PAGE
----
“I can see it by your face! Say ‘how do you do’ to the others, and come and sit down here, quick--I’ve been waiting for you!” he added, accentuating the fact that he had waited. On the prince’s asking, “Will it not be injurious to you to sit out so late?” he replied that he could not believe that he had thought himself dying three days or so ago, for he never had felt better than this evening.
“Marfa Borisovna! Marfa Borisovna! Here is... the Prince Muishkin! General Ivolgin and Prince Muishkin,” stammered the disconcerted old man.
He pulled the note out and kissed it; then paused and reflected. “How strange it all is! how strange!” he muttered, melancholy enough now. In moments of great joy, he invariably felt a sensation of melancholy come over him--he could not tell why.“Scolding as usual, Varia! It is the worst thing about her. After all, I believe father may have started off with Rogojin. No doubt he is sorry now. Perhaps I had better go and see what he is doing,” added Colia, running off.
“GAVRILA ARDOLIONOVITCH,--persuaded of your kindness of heart, I have determined to ask your advice on a matter of great importance to myself. I should like to meet you tomorrow morning at seven o’clock by the green bench in the park. It is not far from our house. Varvara Ardalionovna, who must accompany you, knows the place well.“Oh, Mr. Lebedeff, I am told you lecture on the Apocalypse. Is it true?” asked Aglaya.
“What did you mean, sir, that he didn’t exist? Explain yourself,” he repeated, angrily.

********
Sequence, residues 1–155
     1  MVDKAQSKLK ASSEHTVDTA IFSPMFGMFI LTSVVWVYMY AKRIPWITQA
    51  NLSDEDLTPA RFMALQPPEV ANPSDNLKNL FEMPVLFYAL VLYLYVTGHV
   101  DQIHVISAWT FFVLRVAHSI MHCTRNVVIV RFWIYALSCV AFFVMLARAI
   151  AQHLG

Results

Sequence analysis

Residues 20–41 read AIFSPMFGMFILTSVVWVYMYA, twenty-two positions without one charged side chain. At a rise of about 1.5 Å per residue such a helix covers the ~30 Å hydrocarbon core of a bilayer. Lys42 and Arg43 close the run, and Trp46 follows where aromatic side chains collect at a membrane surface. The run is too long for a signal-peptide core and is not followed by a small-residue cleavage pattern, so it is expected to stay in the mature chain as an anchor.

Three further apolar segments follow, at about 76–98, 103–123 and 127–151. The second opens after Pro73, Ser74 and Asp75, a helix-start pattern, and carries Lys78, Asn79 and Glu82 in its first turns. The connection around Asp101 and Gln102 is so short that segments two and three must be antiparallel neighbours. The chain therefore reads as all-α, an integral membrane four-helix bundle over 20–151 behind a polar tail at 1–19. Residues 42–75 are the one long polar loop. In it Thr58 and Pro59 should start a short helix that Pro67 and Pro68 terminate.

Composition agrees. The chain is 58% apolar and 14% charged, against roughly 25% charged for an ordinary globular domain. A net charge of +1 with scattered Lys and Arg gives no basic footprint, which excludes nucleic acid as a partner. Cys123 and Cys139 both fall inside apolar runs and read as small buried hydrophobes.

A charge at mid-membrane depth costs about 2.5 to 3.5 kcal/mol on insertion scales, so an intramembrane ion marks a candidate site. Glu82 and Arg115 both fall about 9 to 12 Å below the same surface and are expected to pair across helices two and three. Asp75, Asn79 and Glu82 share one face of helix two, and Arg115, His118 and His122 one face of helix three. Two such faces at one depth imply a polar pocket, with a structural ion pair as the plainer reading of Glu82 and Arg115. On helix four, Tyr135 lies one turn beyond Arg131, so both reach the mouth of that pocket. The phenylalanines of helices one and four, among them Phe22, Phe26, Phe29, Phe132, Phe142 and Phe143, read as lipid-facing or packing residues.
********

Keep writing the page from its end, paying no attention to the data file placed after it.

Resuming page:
“Ah, general!” she cried, “I was forgetting! If I had only foreseen this unpleasantness! I won’t insist on keeping you against your will, although I should have liked you to be beside me now. In any case, I am most grateful to you for your visit, and flattering attention... but if you are afraid...”“Nonsense, what rubbish you talk!” the mother struck in. “Not know how to see! Open your eyes and look! If you can’t see here, you won’t see abroad either. Tell us what you saw yourself, prince!”
“But I will, I _will_ run away!” she cried--and her eyes flashed again with anger--“and if you don’t agree I shall go and marry Gavrila Ardalionovitch! I won’t be considered a horrible girl, and accused of goodness knows what.”
“My father picked up all these pictures very cheap at auctions, and so on,” he said; “they are all rubbish, except the one over the door, and that is valuable. A man offered five hundred roubles for it last week.”
All this had been very painful to listen to. One fact stood out certain and clear, and that was that poor Aglaya must be in a state of great distress and indecision and mental torment (“from jealousy,” the prince whispered to himself). Undoubtedly in this inexperienced, but hot and proud little head, there were all sorts of plans forming, wild and impossible plans, maybe; and the idea of this so frightened the prince that he could not make up his mind what to do. Something must be done, that was clear.